Lung Cancer Mortality among Uranium Gaseous Diffusion Plant Workers: A Cohort Study 1952–2004

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Abstract


Background: 9%–15% of all lung cancers are attributable to occupational exposures. Reports are disparate regarding elevated lung cancer mortality risk among workers employed at uranium gaseous diffusion plants.

Objective: To investigate whether external radiation exposure is associated with lung cancer mortality risk among uranium gaseous diffusion workers.

Methods: A cohort of 6820 nuclear industry workers employed from 1952 to 2003 at the Paducah uranium gaseous diffusion plant (PGDP) was assembled. A job-specific exposure matrix (JEM) was used to determine likely toxic metal exposure categories. In addition, radiation film badge dosimeters were used to monitor cumulative external ionizing radiation exposure. International Classification for Disease (ICD) codes 9 and 10 were used to identify 147 lung cancer deaths. Logistic and proportional hazards regression were used to estimate lung cancer mortality risk.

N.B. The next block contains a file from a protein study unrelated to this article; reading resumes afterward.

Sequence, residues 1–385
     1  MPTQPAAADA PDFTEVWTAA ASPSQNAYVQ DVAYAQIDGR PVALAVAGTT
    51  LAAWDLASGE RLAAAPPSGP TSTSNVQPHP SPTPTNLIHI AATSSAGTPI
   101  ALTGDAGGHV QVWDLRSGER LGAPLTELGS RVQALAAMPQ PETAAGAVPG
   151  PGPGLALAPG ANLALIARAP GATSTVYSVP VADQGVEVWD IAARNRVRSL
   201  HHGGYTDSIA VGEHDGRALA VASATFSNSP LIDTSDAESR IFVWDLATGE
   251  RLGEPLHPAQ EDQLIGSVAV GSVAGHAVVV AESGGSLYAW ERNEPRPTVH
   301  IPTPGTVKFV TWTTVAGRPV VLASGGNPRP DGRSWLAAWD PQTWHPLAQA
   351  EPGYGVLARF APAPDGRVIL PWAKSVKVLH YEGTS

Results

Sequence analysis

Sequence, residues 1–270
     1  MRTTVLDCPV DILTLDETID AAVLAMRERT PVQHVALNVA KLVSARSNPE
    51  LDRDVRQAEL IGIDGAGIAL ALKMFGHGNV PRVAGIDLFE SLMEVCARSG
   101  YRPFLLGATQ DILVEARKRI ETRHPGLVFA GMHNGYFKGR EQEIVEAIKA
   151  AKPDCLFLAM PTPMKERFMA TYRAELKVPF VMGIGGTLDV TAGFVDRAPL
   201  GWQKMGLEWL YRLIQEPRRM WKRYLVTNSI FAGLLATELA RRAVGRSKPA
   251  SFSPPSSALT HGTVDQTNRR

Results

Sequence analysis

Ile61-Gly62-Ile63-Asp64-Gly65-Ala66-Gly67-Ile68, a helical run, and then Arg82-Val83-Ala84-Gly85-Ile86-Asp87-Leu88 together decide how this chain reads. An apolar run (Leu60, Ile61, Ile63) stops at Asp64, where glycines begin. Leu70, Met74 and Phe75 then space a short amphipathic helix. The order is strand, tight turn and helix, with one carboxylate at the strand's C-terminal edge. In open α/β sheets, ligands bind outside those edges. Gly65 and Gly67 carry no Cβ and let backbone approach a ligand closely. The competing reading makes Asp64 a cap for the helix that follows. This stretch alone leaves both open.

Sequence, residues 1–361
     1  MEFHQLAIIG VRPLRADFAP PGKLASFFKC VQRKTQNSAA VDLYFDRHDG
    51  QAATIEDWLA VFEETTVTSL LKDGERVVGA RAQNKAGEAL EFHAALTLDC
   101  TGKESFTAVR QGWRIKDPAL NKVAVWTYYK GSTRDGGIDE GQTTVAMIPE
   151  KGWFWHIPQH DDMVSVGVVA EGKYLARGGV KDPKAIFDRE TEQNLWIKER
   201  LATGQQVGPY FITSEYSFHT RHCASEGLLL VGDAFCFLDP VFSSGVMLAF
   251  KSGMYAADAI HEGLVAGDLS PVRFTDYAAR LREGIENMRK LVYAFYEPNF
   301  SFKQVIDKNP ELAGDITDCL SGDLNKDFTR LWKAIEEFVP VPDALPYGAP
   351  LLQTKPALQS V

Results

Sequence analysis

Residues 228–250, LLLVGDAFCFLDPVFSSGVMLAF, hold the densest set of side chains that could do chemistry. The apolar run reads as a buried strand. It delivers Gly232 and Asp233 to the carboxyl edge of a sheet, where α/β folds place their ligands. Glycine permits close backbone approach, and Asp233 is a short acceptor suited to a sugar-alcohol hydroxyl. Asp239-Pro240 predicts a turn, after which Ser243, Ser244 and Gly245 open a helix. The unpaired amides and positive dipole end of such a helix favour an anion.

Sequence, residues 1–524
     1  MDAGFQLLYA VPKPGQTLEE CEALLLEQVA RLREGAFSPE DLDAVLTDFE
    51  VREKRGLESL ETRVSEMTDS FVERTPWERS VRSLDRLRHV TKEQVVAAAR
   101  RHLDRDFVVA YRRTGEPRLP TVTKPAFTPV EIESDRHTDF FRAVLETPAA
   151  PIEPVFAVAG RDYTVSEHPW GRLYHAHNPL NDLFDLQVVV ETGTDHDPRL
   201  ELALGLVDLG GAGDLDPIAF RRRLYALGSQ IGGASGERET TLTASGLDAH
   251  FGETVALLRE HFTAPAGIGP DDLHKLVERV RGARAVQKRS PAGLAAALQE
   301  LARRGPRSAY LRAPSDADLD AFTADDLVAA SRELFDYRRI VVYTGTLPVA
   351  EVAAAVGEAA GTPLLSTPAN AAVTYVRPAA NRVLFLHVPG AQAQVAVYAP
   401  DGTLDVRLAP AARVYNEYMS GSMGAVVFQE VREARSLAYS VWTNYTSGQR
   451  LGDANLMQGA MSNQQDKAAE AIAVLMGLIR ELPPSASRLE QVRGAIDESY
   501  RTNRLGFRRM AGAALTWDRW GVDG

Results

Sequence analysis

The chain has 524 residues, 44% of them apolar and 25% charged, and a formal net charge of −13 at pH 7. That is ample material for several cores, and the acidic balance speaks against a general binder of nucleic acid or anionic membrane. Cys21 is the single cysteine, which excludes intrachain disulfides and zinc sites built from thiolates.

Results: Lung cancer mortality risk was elevated among workers who experienced external radiation >3.5 mrem and employment duration >12 years.

Conclusion: Employees of uranium gaseous diffusion plants carry a higher risk of lung cancer mortality; the mortality is associated with increased radiation exposure and duration of employment.


Keywords


Lung neoplasms; Mortality; Radiation; Occupational exposure; Occupational diseases; Uranium compounds




 pISSN: 2008-6520
 eISSN: 2008-6814

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